Friday, 13 June 2014

We don't go to church we are the church!


Recently I was talking to some of our "pilot" i61 Missional Community about the importance of changing the way we think and the language we use being important as we seek to create a discipleship culture here at HBC. We made some observations, then reflected and discussed the statement: " We don't go to church we are the church" 

I believe a significant change of thinking that we need to lead the congregation through at HBC is captured in this slogan. For many Christians in HBC & across the UK this way of thinking is captured in this statement: "we need clergy, buildings and a Sunday services to be a real church!" It's not that any of these elements are wrong, (although personally I'm not sure the distinction of clergy & laity is that helpful), what this statement reflects is a "Sundaycentric" approach to our definition of church. This diagram is a. Helpful one to visually illustrate our thinking and our language gives us away every time: I'm going to church this Sunday, see you at church next week, 
The drawing on the left hand side is is what most of us growing up have come to refer to as the church. A building. The place where Christians go, usually on Sunday, to worship and listen to the preacher.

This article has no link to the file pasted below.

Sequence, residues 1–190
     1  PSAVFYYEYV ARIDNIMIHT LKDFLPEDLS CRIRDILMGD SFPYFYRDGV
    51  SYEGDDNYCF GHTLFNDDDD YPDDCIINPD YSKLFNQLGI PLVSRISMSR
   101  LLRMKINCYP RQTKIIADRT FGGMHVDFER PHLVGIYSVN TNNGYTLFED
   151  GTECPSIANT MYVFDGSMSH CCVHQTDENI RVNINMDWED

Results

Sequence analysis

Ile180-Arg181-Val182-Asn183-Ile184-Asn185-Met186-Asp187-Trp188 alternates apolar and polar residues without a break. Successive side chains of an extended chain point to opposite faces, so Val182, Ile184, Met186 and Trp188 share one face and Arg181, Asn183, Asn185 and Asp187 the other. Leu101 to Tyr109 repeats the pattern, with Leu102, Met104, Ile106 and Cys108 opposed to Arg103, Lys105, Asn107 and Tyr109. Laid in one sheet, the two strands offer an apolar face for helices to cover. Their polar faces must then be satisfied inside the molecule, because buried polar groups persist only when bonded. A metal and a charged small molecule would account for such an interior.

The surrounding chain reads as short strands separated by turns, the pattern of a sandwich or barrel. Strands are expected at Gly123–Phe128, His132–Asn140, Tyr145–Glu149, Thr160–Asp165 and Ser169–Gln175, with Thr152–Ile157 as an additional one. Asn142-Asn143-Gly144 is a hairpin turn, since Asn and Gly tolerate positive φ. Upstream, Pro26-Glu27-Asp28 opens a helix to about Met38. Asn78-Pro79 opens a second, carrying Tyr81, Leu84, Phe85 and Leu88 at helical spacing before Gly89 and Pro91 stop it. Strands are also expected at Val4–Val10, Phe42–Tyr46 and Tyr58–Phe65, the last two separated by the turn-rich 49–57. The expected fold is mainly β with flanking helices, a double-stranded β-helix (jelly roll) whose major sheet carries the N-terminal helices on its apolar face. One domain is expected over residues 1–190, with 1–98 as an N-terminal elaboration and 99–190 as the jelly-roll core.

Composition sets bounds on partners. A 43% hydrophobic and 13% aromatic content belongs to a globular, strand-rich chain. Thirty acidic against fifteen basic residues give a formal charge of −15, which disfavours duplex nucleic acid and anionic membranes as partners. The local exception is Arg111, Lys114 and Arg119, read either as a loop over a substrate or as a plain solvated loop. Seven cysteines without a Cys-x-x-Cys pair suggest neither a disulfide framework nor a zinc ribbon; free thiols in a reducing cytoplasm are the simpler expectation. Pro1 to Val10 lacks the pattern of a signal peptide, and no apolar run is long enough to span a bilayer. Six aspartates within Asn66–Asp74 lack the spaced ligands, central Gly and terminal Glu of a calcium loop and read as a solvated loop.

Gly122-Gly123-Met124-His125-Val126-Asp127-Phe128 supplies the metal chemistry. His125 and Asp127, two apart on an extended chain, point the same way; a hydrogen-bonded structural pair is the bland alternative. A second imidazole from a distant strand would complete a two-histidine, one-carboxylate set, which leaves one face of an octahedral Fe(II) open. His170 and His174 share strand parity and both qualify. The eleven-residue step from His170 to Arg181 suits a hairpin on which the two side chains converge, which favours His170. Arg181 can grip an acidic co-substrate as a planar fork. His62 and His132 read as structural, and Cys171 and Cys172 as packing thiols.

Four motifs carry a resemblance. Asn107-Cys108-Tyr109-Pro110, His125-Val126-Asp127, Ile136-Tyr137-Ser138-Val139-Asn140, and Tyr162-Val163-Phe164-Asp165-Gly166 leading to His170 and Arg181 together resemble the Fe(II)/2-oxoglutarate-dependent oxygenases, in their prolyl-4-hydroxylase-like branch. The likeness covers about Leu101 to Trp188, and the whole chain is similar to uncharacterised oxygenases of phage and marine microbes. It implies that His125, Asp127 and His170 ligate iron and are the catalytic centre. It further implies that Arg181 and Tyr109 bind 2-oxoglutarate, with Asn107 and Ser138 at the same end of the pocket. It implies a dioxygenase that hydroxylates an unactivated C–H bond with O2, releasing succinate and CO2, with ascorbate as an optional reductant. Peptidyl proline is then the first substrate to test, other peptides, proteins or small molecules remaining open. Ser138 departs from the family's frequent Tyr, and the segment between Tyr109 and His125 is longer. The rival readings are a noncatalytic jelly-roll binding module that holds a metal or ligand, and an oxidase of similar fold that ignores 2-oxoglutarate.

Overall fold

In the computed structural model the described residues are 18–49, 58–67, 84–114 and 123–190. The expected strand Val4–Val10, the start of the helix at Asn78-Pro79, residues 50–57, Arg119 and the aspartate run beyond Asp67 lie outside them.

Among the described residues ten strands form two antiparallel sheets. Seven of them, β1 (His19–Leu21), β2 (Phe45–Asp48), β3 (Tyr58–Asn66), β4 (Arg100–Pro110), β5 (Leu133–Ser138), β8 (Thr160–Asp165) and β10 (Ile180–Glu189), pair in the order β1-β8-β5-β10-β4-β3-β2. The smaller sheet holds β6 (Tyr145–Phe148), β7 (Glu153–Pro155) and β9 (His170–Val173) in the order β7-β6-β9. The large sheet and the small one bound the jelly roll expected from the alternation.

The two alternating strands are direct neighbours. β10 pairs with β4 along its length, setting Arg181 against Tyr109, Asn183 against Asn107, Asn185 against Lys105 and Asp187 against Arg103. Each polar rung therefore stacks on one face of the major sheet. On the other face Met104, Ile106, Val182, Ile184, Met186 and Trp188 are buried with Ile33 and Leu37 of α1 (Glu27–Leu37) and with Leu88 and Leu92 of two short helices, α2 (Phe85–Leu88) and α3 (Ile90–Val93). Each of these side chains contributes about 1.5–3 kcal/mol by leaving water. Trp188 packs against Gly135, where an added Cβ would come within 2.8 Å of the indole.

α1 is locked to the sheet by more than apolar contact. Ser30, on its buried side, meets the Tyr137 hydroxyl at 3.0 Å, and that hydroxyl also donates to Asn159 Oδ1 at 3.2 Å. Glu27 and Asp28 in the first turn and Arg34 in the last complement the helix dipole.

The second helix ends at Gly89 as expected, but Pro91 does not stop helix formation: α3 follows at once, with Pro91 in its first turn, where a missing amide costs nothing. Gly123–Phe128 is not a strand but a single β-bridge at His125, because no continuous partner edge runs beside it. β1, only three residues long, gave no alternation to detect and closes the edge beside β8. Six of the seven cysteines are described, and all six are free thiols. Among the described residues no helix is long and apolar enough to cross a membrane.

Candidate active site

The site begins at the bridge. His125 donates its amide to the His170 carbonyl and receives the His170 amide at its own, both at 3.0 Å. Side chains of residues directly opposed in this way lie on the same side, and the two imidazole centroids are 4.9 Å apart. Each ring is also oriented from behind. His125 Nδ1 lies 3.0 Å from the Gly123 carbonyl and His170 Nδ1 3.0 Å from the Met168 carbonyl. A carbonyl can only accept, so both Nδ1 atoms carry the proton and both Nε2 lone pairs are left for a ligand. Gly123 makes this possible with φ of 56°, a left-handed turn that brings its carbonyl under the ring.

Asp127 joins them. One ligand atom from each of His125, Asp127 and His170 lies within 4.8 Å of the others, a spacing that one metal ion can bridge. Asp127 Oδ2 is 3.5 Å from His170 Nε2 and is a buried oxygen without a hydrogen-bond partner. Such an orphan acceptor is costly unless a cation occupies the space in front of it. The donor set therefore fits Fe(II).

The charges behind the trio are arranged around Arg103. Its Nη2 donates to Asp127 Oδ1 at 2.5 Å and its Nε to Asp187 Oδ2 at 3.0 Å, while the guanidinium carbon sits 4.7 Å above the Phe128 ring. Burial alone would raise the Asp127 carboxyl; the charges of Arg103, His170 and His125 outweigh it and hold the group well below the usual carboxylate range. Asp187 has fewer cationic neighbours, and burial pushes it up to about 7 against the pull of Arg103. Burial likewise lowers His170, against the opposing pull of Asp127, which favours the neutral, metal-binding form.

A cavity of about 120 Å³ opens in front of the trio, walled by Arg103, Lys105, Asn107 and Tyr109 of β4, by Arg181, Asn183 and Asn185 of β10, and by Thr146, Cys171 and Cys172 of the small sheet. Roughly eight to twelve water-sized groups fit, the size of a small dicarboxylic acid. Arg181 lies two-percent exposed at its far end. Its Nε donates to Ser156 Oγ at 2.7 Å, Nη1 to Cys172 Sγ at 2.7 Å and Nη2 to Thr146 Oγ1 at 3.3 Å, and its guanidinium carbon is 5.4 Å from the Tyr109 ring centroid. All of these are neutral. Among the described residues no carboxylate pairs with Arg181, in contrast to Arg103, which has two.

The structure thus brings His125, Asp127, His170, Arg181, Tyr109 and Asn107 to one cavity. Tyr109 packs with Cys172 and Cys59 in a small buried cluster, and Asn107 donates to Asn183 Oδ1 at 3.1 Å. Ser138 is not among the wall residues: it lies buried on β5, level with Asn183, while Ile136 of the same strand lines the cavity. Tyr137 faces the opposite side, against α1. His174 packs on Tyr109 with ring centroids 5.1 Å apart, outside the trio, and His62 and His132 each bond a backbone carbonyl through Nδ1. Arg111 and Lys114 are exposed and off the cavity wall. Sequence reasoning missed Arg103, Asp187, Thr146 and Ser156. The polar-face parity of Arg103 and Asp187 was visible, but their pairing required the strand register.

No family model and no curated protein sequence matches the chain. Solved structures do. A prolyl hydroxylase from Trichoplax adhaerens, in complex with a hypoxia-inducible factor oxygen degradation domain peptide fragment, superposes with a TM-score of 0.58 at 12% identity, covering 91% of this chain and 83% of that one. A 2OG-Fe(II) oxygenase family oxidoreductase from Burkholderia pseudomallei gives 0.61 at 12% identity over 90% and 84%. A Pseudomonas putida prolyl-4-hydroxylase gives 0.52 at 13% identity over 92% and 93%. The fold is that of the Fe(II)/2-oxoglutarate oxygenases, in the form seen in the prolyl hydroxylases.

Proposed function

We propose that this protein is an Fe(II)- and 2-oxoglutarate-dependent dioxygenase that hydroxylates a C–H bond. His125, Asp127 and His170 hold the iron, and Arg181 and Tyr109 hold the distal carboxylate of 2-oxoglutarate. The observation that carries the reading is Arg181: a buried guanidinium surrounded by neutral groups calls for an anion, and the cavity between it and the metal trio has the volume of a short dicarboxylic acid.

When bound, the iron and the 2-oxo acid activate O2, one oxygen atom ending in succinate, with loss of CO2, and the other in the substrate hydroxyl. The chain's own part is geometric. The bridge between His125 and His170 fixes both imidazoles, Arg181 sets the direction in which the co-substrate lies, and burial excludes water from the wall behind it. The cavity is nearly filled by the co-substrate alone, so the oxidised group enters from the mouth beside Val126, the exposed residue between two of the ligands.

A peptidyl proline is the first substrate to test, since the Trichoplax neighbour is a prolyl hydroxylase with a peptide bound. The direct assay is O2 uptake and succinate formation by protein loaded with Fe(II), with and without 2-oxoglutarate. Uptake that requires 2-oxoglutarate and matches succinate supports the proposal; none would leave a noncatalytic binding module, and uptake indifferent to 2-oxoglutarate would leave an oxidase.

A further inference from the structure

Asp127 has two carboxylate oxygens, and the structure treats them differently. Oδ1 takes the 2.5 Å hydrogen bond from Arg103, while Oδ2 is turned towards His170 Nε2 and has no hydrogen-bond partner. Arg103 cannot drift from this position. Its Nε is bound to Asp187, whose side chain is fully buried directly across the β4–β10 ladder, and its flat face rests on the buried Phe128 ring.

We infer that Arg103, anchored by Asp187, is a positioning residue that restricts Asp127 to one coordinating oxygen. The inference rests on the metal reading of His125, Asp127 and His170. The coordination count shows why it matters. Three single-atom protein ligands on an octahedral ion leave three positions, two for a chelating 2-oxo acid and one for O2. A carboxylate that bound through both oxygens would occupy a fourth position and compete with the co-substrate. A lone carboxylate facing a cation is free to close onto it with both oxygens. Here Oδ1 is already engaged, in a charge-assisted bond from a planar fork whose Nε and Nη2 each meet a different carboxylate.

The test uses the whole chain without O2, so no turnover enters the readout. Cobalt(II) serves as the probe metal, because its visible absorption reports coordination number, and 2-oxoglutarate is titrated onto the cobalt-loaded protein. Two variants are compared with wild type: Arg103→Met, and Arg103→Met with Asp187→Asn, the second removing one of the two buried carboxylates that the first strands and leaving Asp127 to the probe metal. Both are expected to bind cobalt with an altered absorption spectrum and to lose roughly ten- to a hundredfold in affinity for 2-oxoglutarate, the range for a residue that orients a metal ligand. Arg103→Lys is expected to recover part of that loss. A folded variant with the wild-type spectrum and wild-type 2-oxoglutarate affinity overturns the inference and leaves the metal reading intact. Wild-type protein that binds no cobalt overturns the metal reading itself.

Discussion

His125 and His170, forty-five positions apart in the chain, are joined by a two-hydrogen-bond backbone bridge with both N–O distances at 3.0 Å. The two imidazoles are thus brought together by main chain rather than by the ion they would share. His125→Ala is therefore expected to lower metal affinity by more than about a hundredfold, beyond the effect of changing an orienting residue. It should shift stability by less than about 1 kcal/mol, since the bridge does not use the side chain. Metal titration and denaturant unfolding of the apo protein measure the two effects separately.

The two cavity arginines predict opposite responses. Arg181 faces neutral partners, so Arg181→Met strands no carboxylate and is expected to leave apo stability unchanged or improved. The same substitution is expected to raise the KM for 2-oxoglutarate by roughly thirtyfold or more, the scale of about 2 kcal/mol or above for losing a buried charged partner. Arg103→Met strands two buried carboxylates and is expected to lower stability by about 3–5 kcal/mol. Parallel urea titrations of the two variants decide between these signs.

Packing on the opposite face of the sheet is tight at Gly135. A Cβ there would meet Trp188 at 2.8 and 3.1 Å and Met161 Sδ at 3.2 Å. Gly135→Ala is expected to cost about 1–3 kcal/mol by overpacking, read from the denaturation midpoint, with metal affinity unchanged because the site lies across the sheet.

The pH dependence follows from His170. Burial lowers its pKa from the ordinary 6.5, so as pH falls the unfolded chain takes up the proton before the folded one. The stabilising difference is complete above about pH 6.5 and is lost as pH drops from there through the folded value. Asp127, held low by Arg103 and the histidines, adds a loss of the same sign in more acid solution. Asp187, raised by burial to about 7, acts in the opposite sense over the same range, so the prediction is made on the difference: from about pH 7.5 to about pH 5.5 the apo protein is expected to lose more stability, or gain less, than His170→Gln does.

The arrows pointing toward the building indicate people heading to the building together on Sunday.
“But the Bible never ever describes the church as a building. It always refers to the church as a people–God’s people, in Christ–who are now sent by the Holy Spirit out into all of life to be the body of Jesus.

The drawing on the right hand side shows a group of people with arrows indicating outward movement. I personally I think this is a better picture of the church; a people who are sent by God...who are outward focused. Certainly not a building, or contained within four walls for an hour or two each week.

I noticed yesterday that on the official John Wimber Facebook page this was their post, a quote from the man himself: "the church is not the building, it's the people, it's not just the gathering, it's also the scattering."  The idea that we go to church is deeply embedded in our thinking and requires new forms of thinking and new language to break free from but break free we must especially if we want to release the missional imagination with the people we lead. 

for us to be missional disciples we need to break out of our thinking and language of going to church and really start to be the church to the people around us